Many bursts of new life at the Grange Farm School this Spring! Seedlings push their heads up, preparing for their bursts of growth, lambs chase butterflies around the lush green pasture, chicks pip through their shells and miraculously emerge as small fluffs. The chicks we are hatching are Ohio Buckeyes, a threatened heritage breed that once held a spot as a favorite dual purpose (meat and egg potential) bird in America. The Ohio Buckeye was developed in the 19th century and is the only breed that is known to have been developed by a woman, Nettie Metcalf. Nettie was part of a rich tradition of improving genetics to achieve a 4 pound carcass in 16 weeks as well as excellent laying capability. This tradition has largely been lost, as the poultry industry- organic and conventional- now relies so heavily on hybridized birds.
So what is the difference between a hybrid and a heritage chicken? A heritage breed is one that was developed before 1950 and is standardized and classified by the American Poultry Association. Before poultry production took on the monstrous scale it has in the last half century, the most common chickens were meaty egg layers so that both male and female offspring had a use (dual purpose.) Hybridization is a process that involves cross breeding intensively (line breeding) to achieve offspring that exhibit strongly one or two traits. Typically, hybrid birds are specifically bred for a meaty carcass OR extremely high egg production, and since these are the favored traits, many other traits are deselected and vanish from the genetic pool.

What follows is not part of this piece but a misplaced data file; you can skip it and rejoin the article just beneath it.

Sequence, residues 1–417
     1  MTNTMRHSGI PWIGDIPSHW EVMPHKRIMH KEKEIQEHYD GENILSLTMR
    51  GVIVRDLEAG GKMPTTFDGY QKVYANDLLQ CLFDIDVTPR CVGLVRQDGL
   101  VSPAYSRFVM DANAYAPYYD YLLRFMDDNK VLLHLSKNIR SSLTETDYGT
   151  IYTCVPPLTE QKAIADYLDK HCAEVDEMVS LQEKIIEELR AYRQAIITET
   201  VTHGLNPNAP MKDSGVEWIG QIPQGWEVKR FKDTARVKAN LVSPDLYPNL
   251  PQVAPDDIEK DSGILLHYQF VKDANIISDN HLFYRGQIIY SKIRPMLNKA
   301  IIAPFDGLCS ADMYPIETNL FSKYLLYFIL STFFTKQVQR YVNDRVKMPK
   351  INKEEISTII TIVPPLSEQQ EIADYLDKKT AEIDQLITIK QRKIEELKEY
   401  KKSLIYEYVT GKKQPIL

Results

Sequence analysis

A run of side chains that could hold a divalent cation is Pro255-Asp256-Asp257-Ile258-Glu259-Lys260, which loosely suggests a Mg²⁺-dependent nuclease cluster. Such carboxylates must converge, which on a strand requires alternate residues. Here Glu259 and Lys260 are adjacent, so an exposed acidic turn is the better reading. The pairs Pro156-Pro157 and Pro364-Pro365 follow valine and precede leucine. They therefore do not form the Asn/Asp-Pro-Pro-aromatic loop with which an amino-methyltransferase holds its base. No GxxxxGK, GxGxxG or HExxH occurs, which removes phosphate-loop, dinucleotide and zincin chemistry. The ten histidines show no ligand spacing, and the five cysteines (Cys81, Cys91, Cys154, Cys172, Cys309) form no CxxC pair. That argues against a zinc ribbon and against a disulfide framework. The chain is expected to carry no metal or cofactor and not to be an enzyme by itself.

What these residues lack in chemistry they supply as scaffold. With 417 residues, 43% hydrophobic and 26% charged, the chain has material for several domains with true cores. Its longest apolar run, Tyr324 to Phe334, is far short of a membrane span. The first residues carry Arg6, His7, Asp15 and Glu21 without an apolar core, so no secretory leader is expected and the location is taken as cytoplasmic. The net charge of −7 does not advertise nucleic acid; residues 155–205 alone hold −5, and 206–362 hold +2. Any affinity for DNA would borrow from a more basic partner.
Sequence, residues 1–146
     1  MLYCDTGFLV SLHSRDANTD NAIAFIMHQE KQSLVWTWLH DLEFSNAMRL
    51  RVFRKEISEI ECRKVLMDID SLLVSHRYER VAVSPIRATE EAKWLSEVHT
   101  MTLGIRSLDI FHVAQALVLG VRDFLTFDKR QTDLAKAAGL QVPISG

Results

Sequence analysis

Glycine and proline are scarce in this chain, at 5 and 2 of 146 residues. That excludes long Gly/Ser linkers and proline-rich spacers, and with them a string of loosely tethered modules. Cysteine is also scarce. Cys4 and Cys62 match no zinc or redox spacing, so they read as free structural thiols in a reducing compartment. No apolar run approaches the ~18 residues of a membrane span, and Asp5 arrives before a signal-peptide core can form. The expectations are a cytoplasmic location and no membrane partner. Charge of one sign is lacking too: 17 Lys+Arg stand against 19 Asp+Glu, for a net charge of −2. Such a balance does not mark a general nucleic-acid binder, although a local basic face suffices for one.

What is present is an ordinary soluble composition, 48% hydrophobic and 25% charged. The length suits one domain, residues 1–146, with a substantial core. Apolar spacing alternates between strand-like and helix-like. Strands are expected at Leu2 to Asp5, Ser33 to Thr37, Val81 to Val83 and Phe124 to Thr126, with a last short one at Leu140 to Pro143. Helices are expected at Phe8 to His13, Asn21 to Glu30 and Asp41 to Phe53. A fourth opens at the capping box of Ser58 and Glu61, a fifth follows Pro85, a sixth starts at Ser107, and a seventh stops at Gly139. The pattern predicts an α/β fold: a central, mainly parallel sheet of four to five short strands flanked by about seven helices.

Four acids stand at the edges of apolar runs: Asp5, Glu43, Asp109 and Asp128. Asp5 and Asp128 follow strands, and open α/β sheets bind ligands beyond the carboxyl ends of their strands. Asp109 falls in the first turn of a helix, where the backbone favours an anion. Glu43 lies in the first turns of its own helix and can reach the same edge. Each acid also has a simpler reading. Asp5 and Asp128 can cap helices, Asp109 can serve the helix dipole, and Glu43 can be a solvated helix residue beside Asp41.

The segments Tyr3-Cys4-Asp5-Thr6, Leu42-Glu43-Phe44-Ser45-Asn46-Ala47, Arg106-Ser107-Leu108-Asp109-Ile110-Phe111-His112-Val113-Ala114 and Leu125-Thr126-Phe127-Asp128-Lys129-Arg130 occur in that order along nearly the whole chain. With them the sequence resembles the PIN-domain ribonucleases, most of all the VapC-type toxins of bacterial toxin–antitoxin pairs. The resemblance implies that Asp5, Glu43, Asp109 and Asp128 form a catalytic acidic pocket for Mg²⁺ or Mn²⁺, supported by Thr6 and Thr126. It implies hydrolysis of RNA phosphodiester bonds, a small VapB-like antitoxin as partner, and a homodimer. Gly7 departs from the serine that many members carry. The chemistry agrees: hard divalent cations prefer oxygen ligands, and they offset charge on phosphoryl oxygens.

The most common meat bird produced today is the Cornish Cross, putting on 4 pounds of weight in as little as 6 weeks. These birds have lost the ability to forage, reproduce, or even survive much longer than two months, and are bred to have chronic hunger. Here at the Grange Farm School, we will be keeping two separate flocks of meat birds to demonstrate the differences. One flock will be comprised of Red Rangers, a slower growing hybrid bird that should survive better on pasture, and the other flock will be comprised of a breeding flock of Ohio Buckeyes. Our hope through several generations of intentional breeding will be to produce a tasty broiler chicken that can be raised on pasture for optimal flavor and health, reproduce on it’s own to reduce reliance on hatcheries, and produce useful male AND female offspring.
Working with Jim Adkins of the Sustainable Poultry Network will launch the Grange Farm School and Mendocino County onto the map of sustainable poultry breeders, growers, and distributors as we revive a threatened breed of poultry and teach the skills necessary to raise and market poultry with the underlying goal of animal welfare, ecological stewardship, and breed preservation.
This year we are launching a PoultryShare program so that locals can participate in the local poultry resilience project here at the Grange Farm School. The PoultryShare is similar to a CSA with customers purchasing chickens at the beginning of the season that are then custom grown to butcher weight and are delivered ready to eat right to their freezer! This model creates a connection between producer and consumer by providing the costs of feed and husbandry up front at the beginning of the season, ensuring that the birds are getting the best treatment and care while the customer has the guarantee of a properly raised and processed broiler. Put in your order today for quality, local chickens raised intentionally for you. Keep your eyes open for sign up forms in the community. For more information E-mail: firstname.lastname@example.org
–Written by: Ruthie King, “Director of Operations” at the Grange Farm School